Thursday, August 25, 2016

12.7 x 44 Boolit


As another Lame Cherry exclusive in matter anti matter.

In the effort to collect data on the Swedish Remington Rolling Block rifle chambered for 12.7 x 44,  I have run into the typical online asstards who have no friends or family willing to deal with them, and their pets all ran away, so they sit in front of keyboards posting shit for brain stuff they have no comprehension over.

The reality is that old Remington Rolling Blocks never were intended for high pressure modern powders. The Europeans in the lowlands shoot piles of these Swedish designed rifles without a glitch, because they are not morons trying to make this rifle do what it never was intended to do.

In explanation, the 50 70 American or the 12.7 x 44 was designed to put a big hole into enemy soldiers by soldiers who could not shot that well, but if you lined up 10,000 bad shooters, and told them to fire a volley at another massed line of soldiers, they tended to hit something eventually.

These rifles work well on buffalo, elk, bear, deer, moose etc... because the old adage is, enough lead, moving at good speed, kills, and that is what these old darlings do.

They do require some work in figuring out what bore diameter they have, but that is not some great lunar landing. It is just soft lead pounded down the bore and measured, so you know what bore diameter you have.

Then you get your cast bullets, resize them to the proper diameter and you will have the accuracy you need.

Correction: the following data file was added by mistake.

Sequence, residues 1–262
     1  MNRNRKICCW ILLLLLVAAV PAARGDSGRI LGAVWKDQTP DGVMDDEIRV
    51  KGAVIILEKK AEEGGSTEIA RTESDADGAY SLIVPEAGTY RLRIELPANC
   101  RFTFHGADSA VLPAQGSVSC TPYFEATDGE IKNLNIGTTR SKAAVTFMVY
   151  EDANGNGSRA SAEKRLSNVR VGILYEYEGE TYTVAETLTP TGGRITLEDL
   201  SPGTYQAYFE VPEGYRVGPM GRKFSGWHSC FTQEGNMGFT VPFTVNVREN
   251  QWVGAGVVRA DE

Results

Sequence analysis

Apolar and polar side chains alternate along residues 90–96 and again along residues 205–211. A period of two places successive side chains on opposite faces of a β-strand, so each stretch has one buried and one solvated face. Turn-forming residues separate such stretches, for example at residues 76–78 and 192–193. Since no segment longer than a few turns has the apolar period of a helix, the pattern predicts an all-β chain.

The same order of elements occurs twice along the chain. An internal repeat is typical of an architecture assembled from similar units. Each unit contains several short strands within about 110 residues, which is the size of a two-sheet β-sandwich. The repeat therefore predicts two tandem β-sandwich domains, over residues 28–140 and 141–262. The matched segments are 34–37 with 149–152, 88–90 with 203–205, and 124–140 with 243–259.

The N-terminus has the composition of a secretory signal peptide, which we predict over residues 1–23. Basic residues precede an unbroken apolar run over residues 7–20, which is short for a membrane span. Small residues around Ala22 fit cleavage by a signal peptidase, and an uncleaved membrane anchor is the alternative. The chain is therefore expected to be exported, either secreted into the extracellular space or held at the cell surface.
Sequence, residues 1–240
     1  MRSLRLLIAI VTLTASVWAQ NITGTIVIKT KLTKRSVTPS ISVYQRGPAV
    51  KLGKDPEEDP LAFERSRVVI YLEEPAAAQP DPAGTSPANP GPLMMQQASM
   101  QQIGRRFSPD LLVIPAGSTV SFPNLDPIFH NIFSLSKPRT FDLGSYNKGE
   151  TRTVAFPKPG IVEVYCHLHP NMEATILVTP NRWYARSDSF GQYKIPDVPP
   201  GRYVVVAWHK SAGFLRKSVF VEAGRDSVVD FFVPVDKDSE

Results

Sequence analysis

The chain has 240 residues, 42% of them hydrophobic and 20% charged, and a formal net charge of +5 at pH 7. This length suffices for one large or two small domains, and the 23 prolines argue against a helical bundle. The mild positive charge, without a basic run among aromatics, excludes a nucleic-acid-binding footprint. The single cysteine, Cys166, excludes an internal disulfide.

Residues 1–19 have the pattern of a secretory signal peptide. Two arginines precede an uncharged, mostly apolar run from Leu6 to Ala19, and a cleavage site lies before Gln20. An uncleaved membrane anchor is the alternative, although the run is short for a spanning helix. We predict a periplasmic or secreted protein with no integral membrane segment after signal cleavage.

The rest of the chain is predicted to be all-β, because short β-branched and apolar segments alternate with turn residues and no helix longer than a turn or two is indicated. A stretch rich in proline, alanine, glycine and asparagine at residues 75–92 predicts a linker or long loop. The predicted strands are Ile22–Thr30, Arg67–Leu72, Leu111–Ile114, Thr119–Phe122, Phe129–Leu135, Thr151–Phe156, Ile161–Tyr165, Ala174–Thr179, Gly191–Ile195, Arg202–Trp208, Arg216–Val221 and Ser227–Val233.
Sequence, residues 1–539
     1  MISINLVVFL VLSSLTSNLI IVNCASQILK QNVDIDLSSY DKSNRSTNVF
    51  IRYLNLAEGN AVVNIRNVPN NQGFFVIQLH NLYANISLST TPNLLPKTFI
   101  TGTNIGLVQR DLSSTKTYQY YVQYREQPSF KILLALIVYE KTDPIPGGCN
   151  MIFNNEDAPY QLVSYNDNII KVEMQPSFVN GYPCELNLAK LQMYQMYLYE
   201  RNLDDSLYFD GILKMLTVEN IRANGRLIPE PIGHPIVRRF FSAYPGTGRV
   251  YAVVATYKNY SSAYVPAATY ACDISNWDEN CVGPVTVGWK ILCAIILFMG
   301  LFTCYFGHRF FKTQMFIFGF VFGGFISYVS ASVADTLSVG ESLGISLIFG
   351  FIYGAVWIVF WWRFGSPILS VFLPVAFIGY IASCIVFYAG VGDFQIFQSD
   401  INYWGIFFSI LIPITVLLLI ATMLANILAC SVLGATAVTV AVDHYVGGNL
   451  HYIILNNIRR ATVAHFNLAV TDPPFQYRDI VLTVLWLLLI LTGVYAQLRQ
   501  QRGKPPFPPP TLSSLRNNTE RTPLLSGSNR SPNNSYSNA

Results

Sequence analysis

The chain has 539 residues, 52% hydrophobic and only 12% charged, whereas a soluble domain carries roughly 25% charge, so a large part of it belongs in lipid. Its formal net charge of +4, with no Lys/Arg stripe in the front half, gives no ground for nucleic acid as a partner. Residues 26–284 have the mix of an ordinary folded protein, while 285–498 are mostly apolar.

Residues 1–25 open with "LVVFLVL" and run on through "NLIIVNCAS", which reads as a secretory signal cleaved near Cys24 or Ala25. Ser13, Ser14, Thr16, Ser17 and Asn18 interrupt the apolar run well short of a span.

As for casing, as they are expensive. The best method is ordering fire formed cases from someone else. These cases are going to last forever as you are not going to overload them, so that is the reality. If one cares to play with the making of cases, the best is to trim 50 70 brass on the rim and then obtaining the correct length sizing for the 12.7 so it chambers easily, one has all the shells they will ever hope for.

Loading is basically following the careful mandate of correct FFg powder dropped into the case, a powder wad, correct compression of the black powder as with black powder you must not have air spaces in it due to pressures which will build up, seating the bullet and then carefully making certain that all your new creations chamber and eject before use, and you basically have your oyster in a world of pearls.

None of this is hard, but you have to PAY ATTENTION, and stop thinking you are not a complete man unless you have some magnum loads. If you want magnum, buy a Weatherby. These are black powder firearms from the horse and buggy era, when bison still were in America in herds and George Custer had not been murdered by his own government and the Indian terrorists were duped into taking the blame.